But consider that restriction in regard to nonpropositional statements in Scripture. Take the binding of Isaac, which is a command. Or prescriptions and proscriptions in the Mosaic law. Or God interrogating Adam and Eve in the Garden. Technically, that falls outside the purview of the definition. 

Questions per se don't affirm or deny anything. Commands and prohibitions don't affirm or deny anything. Does this mean that since the genre of nonpropositional statements has no truth-value, an inerrantist needn't credit them? 

vi) A final omission is a failure to define "truth". Insofar as Scripture is propositional revelation, that might select for the coherence theory of truth:  

A coherence theory of truth states that the truth of any (true) proposition consists in its coherence with some specified set of propositions. The coherence theory differs from its principal competitor, the correspondence theory of truth, in two essential respects. The competing theories give conflicting accounts of the relation that propositions bear to their truth conditions. (In this article, ‘proposition’ is not used in any technical sense. It simply refers to the bearers of truth values, whatever they may be.) According to one, the relation is coherence, according to the other, it is correspondence. The two theories also give conflicting accounts of truth conditions. According to the coherence theory, the truth conditions of propositions consist in other propositions. The correspondence theory, in contrast, states that the truth conditions of propositions are not (in general) propositions, but rather objective features of the world.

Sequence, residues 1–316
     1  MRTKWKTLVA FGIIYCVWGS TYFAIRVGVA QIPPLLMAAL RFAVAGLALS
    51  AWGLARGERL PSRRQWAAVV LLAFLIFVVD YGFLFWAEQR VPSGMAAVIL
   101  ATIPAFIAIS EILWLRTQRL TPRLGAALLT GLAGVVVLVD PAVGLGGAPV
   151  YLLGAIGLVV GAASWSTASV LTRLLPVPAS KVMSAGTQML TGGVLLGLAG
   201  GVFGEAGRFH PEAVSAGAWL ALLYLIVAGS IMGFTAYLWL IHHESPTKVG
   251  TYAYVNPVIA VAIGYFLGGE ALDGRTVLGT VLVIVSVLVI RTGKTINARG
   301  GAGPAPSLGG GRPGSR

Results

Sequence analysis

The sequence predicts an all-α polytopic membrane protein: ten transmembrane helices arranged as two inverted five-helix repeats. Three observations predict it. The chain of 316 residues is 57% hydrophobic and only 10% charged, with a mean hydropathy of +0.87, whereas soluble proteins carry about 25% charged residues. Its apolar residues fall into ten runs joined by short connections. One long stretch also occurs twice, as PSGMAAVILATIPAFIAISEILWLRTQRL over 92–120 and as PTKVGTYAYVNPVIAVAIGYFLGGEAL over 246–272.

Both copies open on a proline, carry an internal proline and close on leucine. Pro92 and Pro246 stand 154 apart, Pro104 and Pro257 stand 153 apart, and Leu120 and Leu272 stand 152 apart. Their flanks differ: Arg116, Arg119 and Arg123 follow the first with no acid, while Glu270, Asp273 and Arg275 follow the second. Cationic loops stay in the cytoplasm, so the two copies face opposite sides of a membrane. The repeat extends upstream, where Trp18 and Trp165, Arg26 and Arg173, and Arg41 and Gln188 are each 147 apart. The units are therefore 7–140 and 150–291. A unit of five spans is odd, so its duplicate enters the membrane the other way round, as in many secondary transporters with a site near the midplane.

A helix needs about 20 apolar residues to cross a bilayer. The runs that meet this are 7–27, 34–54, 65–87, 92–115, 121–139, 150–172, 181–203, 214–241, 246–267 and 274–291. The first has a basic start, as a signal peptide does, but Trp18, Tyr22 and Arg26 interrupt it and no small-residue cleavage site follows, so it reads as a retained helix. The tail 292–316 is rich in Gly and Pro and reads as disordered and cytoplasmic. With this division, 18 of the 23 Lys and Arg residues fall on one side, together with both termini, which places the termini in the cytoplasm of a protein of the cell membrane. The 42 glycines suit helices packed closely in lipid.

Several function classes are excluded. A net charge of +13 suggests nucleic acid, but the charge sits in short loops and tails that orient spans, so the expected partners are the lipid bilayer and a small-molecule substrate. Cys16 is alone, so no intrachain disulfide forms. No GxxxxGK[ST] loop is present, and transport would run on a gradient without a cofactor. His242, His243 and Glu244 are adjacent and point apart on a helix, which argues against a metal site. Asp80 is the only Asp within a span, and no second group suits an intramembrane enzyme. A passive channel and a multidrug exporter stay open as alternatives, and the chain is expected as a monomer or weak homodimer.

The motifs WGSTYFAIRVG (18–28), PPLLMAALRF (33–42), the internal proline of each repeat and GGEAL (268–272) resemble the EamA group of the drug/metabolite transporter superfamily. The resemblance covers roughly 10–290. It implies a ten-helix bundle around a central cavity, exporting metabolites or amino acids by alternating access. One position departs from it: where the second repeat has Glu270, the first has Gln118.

Yet the Bible constantly makes claims about the world. So that might select for a correspondence theory of truth. It may be best for a statement on inerrancy to define truth in reference to coherence and correspondence alike, where these are applicable. 

Mind you, that's deceptively simple. For instance, the correspondence theory involves vexed questions about the identity of the relevant truth-makers and truth-bearers.

vii) I don't think these deficiencies are a big problem, because definitions of inerrancy function to some degree as placeholders for creedal statements. In other words, abstract definitions, because they operate at such a high level of generality, are deficient at the level of particulars. But inerrantists have very specific things in mind when they formulate these definitions. The Bible is the concrete frame of reference. Inerrantists have specific kinds of things in mind which their definitions are designed to cover. In and of themselves, the definitions are not that discriminating. So they need to be supplemented by actual examples. The historicity of many Bible narratives. Predictive prophecy. And so on.